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US fund manager is hoping to profit from economic revival by buying into Irish equities

about 4 hours ago

Fidelity has invested in Dalata, which operates more than 40 hotels including the Maldron chain (pictured) and its stock price has jumped by more than 80 per cent this year.




Fidelity Worldwide Investment is trawling Ireland as the economy grows more quickly than anywhere else in the developed world. The company’s £2.8 billion (€ billion) Special Situations Fund is investing in Irish stocks including Bank of Ireland, hotelier Dalata and homebuilder Cairn Homes, tapping into an economy growing about 7 per cent this year.

The Irish stock index is among the best performers in Europe, gaining more than 29 per cent as the revival sparked by the presence of companies like Google in Dublin spreads through the economy.

“What we are seeing now is the beginnings of a recognition that Ireland is a very attractive place to invest for domestic exposure as well as a place to locate your multinational headquarters,” Matthew Jennings, an investment director at Fidelity’s UK equities team, said in an interview this month. “These stocks have been totally overlooked for an extended period of time.”

A renewed appetite for Irish equities adds another leg to Ireland’s renaissance among international investors, seven years after the financial crash sent them running for the exit. Franklin Templeton led the way by snapping up sovereign debt starting in 2011, while others including Blackstone Group LP focus on buying real estate assets.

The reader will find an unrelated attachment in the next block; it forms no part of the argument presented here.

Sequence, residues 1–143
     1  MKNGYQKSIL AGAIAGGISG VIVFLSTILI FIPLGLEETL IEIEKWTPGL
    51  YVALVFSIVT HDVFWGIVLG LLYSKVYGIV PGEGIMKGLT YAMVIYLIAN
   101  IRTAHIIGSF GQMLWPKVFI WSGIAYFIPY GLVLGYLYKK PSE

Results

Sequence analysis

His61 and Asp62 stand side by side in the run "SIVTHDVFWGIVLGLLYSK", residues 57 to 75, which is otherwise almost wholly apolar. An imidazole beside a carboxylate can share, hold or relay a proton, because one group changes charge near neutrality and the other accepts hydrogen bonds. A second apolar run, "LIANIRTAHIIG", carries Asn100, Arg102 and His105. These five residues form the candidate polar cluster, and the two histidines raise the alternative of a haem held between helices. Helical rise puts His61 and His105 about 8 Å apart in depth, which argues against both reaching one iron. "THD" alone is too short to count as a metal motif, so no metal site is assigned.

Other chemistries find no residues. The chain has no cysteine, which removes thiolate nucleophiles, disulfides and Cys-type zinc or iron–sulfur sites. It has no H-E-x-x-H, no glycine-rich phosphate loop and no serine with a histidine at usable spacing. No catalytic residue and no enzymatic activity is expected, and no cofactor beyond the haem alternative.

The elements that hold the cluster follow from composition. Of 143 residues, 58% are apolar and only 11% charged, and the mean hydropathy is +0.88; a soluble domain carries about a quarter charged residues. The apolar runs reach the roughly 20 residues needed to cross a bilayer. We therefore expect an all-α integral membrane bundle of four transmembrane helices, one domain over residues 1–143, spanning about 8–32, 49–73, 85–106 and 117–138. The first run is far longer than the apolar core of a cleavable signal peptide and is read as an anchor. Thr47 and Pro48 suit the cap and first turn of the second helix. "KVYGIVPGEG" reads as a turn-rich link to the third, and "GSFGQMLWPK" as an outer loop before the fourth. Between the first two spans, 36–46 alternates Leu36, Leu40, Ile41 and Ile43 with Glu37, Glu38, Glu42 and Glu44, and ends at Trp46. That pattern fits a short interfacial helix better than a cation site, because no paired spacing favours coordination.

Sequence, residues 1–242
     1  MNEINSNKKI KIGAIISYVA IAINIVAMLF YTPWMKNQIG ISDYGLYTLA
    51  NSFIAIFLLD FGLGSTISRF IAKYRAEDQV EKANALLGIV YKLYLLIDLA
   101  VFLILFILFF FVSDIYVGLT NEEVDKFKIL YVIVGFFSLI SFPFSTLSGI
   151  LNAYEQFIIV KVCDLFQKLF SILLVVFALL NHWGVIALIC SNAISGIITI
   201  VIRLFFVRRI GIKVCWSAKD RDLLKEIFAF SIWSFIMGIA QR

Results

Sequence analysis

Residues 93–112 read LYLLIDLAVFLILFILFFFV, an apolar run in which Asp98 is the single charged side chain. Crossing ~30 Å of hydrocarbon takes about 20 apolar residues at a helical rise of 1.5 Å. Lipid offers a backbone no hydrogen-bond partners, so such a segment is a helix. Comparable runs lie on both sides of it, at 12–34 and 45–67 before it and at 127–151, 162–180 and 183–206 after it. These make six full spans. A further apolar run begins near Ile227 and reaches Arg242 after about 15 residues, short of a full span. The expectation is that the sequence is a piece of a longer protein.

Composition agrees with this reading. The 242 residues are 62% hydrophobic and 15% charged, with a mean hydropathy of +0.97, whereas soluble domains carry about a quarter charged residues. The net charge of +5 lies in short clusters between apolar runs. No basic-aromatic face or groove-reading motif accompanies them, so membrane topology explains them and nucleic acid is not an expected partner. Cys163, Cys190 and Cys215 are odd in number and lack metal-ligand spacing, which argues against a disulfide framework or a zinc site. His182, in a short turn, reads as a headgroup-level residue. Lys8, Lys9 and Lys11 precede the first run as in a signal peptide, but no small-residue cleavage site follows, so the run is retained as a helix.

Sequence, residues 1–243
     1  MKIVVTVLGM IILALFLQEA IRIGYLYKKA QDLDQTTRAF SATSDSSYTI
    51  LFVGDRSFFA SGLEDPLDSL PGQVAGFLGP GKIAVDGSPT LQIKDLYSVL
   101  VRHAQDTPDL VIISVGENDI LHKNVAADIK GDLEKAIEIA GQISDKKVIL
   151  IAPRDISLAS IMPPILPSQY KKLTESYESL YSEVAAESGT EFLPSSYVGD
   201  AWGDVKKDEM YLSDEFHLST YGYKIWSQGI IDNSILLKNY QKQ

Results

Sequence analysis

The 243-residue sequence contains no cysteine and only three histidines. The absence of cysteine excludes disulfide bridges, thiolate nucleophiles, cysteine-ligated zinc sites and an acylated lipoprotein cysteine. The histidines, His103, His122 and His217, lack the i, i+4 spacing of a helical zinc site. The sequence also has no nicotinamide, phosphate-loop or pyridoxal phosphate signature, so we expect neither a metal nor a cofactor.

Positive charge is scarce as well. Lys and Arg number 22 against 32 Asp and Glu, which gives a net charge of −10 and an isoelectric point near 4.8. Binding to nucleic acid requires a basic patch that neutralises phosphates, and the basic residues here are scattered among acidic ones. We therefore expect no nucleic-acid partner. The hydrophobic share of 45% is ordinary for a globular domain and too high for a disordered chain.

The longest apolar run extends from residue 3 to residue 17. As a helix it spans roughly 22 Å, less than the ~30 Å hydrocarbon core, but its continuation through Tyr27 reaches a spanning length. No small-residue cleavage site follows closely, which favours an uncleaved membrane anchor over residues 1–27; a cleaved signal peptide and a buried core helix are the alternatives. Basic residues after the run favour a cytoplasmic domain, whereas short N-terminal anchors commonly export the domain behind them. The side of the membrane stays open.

Debt legacy

International investors largely dumped Irish stocks from 2008, amid one of the worst real-estate market collapses in history. The legacy lingers on, with unemployment only recently falling below 10 per cent and personal debt among the highest in the euro region. Still, the economy is bounding along again and the

Fidelity fund returned about 11 per cent in the 12 months though November, according to Morningstar Inc., which ranks it in the top 31 per cent among its peers. The manager of the fund, Alex Wright, wasn’t available to comment. The Special Situations Fund, which was set up and run by Anthony Bolton for almost 30 years, had focused on DCC and UDG Healthcare, Irish companies now more linked to the UK economy, Jennings said. After shares in both companies surged, the company reduced its stakes as it hunted domestic plays. Bank of Ireland, the country’s largest, has gained 5 per cent this year. London-listed Cairn advanced 19 per cent, while Dalata, which operates more than 40 hotels, jumped more than 80 per cent this year in Dublin. Jennings said the number of hotels in Dublin is the same as 2010 even with visitor numbers 30 per cent higher. “You don’t have to be a maths genius to figure out the pricing environment is strong,” said Jennings.